My favorite roller coaster now blasts off as a VR ride!

Commentary: CNET's Katie Collins tests a theme park ride in its new guise as the world's first coaster with built-in VR.

They're always trying to mess with my childhood.

After all, Monopoly is played with credit cards now, and penny sweets rarely cost a penny anymore. Nothing is sacred.

The latest culprit is England's Alton Towers, a theme park in Staffordshire and the thrill-filled playground of my formative years. The park has taken a ride called Air that I have known and loved for many years and given it a high-tech makeover by adding virtual reality. Now rebranded as the space-themed Galactica, it opened Thursday as the world's first VR roller coaster.

The UK is blessed with few real theme parks and a paltry number of proper thrill rides, so when a new one comes along, it feels like Christmas. Air launched when I was 14 years old, the peak of my Alton Towers years. It was the most expensive ride the park had ever built. And with its slogan "assume the position," the ride promised an experience akin to flying.

I'm already a huge fan of VR, so when I heard that Air was being transformed into the park's first virtual reality ride, I was excited but also a little apprehensive. Would it detract from the experience?

Either way, I had to try it out.

Galactica is just the latest to jump on the burgeoning phenomenon that is virtual reality. Once a niche concept understood by few, this technology that takes you into fully immersive digital worlds is slowly seeping into our everyday lives. It's an area that has drawn heavy tech hitters like Facebook, Google and Samsung, which all believe it's the next great frontier in tech for us all.

Theme parks, which already know a thing or two about blowing your mind with hair-raising experiences, are the next on board.

Unfortunately my tolerance for G-force speeds has diminished significantly in the decade since I was 17. It's something I discovered a year ago, mere seconds into the first drop on the New York-New York Hotel & Casino's roller coaster in Las Vegas.

As my taxi wound through the misty lanes of the West Midlands en route to Alton Towers, I was fretting about how I would fare on the ride.

Strapping into Galactica for a VR excursion.

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How it feels to be Superman

Fortunately, Air -- excuse me, Galactica -- was and remains the kind of roller coaster that you want to keep going and going. Once seated, you're hoisted up so you're horizontal, with your front side facing down. You are then left to dangle (and, if you're like me, worry about whether your shoes are tied on tight enough).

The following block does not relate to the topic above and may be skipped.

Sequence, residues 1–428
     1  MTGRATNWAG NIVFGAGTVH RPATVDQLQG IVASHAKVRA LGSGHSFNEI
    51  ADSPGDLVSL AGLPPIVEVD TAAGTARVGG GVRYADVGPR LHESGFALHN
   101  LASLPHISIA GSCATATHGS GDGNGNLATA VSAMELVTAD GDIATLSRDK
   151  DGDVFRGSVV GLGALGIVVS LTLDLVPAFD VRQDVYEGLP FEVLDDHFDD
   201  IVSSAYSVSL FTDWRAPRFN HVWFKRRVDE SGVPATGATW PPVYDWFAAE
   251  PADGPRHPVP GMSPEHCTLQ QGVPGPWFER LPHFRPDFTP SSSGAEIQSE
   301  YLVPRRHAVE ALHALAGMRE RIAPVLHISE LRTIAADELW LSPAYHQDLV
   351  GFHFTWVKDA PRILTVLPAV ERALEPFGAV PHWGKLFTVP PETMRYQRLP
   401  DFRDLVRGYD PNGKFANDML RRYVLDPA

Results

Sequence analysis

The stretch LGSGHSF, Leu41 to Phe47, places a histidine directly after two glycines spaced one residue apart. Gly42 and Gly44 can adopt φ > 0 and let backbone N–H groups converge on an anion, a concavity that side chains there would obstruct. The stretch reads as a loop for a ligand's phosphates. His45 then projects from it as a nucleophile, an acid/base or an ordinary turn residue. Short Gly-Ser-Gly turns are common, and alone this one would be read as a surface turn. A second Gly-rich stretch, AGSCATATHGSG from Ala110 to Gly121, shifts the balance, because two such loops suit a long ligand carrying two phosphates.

This is all part of the flying coaster experience. Head first, you swoosh around corners, perform balletic inversions and -- if you really want to imagine how it feels to be Superman -- stretch out your arms in the direction you're going. It's not so much stomach-churning as a blissful release from the tedium of being a ground-based, two-legged mammal.

In this VR experience, you're an out-of-this-world tourist, watching the universe fly by as you're shot from a space station among careening spacecraft to come within brushing distance of exotic planets. On the return, you're thrown off course at the last minute, but ultimately make it back safely.

Galactica uses the latest Samsung Galaxy S7 phone encased in customized Gear VR headsets for the virtual reality element of the ride. Speakers have been built into the headband, and the headsets charge off the roller coaster's overhead main power. They're stored in special pouches on the chest plate of every seat when not in use and are tethered to the ride in case of accidents.

As soon as Samsung's Gear VR was unveiled in September 2014, Simon Reveley of Vector VR, the company that brought Galactica to life, knew it would be the perfect fit for a roller coaster.

"I was immediately thinking, mobile VR, stick it on something that moves -- that would be awesome," he said.

Air was the first roller coaster Reveley tried out his idea on, "with lots and lots of gaffer tape." It turned out to be the perfect fit. "We were lucky because this is like the Rolls Royce of roller coasters," he said. "It really is amazing."

I can't help but agree. The addition of virtual reality has done nothing to dampen my enthusiasm for this steel beast. The video kicks off as soon as you leave the station, meaning the ride shifts into high gear before you finish the first climb. The extension of the experience is welcome. The ride is more about the turns and twists than getting altitude, so you're not missing a view when strapped into the VR headset.

Galactica's theme of space flight is a predictable but also fitting choice for a flying roller coaster. Coaster addicts won't get bored because there are so many things to see and because your experience changes each time. You can choose to look straight ahead, down or side to side and discover new scenery.

Surprisingly, I didn't feel sick going through the ride, which couldn't be said after trying out Samsung's VR motion simulator ride at the Mobile World Congress conference last month in Barcelona.

I felt compelled to ride Galactica three times -- and not just for the sake of nostalgia.

Not all change is a bad thing, it turns out.

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